Recognize abuse in relationships
On average, 24 people per minute are victims of rape, physical violence or stalking by an intimate partner in the United States.
It’s not always easy to tell if a relationship with a partner may be headed toward abuse. A common factor, however, is that an abuser does many things to gain control over their partners. It’s important to recognize the signs that you may be in a relationship with a controlling person, and if so, to get help to talk about the situation before abusive behavior can escalate.
Your partner is controlling if he or she….
- Puts you down
- Discourages you from seeing friends or family members
- Looks at you or acts in ways that scare you
- Prevents you from attending activities
- Destroys your property or threatens to harm your pets
- Restricts your finances
- Pressures you to have sex or use drugs or alcohol or do anything against your will
If you think your partner is controlling or may become violent, it’s important to get help to protect yourself. It’s especially important to get help if the controlling behavior has escalated to threats, harassing phone calls, emails or texts or if the person is stalking you.
If you are in immediate danger, call 911. Or call the National Domestic Violence hotline, 800.799.SAFE (7233). An expert will tell you the signs of abuse and what you can do next.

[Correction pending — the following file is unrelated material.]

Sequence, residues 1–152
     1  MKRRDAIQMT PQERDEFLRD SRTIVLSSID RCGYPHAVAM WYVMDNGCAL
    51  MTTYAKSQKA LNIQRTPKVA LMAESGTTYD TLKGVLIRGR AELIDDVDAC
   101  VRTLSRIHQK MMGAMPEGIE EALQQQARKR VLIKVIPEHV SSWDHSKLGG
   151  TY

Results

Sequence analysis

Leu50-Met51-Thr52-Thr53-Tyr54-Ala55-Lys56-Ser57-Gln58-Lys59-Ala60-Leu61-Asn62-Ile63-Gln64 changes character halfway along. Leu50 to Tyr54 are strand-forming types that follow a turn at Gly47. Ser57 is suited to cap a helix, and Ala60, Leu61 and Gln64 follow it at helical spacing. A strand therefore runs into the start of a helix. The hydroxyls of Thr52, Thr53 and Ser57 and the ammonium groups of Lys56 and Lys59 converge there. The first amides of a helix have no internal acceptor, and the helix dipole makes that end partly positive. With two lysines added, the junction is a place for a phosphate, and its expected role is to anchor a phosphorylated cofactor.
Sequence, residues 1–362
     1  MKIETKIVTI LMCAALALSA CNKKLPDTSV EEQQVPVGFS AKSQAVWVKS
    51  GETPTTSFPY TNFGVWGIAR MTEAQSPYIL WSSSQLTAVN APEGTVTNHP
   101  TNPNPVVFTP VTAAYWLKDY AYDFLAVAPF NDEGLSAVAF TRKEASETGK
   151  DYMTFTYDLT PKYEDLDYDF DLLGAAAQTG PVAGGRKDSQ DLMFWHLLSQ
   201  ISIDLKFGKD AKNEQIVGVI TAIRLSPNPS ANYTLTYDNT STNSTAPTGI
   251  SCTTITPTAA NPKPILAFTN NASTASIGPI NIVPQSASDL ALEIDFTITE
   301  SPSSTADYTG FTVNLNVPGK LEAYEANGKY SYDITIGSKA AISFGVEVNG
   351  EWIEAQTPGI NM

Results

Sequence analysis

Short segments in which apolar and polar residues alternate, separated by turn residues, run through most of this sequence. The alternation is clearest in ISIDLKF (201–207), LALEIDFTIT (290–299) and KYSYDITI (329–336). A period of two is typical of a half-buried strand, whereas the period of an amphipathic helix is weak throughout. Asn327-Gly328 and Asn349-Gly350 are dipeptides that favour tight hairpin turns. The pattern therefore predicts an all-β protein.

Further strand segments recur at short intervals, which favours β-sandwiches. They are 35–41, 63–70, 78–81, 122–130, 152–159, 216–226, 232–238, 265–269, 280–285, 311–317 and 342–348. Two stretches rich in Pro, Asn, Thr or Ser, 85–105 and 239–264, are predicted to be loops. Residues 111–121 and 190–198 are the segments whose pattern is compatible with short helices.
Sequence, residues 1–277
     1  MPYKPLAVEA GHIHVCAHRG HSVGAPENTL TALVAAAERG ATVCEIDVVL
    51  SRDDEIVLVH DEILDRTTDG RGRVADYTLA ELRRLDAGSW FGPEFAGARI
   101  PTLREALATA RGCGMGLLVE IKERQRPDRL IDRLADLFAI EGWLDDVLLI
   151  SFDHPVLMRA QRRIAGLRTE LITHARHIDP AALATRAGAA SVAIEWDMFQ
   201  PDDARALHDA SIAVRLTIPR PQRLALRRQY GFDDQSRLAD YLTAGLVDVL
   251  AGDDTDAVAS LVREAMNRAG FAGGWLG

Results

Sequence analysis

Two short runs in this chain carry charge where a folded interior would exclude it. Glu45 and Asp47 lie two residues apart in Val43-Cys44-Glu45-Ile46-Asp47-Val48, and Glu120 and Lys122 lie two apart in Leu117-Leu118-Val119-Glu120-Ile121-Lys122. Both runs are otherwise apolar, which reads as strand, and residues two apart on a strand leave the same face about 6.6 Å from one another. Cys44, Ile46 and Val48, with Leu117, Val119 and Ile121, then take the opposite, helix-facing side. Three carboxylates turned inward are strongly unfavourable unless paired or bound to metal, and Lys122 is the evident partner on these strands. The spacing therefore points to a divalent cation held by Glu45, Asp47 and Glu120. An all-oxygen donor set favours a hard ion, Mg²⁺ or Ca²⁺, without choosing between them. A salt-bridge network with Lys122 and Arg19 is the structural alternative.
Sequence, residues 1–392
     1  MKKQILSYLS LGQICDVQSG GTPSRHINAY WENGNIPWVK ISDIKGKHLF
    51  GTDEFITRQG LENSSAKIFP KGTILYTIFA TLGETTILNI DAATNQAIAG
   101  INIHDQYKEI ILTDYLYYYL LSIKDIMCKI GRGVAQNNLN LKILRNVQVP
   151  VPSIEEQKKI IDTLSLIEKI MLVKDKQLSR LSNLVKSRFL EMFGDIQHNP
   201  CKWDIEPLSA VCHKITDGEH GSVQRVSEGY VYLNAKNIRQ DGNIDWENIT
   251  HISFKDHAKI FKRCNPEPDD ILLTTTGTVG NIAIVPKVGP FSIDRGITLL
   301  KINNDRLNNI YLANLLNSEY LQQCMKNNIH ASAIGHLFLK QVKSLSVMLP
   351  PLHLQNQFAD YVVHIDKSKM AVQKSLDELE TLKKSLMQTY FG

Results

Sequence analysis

For Health Advocate members
Even if only one or two of the above signs apply, Health Advocate can assist you in getting the help you need.
If you’re a Health Advocate member with access to our EAP+Work/Life Program, consider speaking with a Health Advocate Licensed Professional Counselor who can provide confidential support. The Counselor can identify what actions you can take.
If you’re a member with our Advocacy services, contact us to speak with a Personal Health Advocate who specializes in behavioral health. The Personal Health Advocate can help you identify resources for help.
Click here for additional information and resources about domestic violence.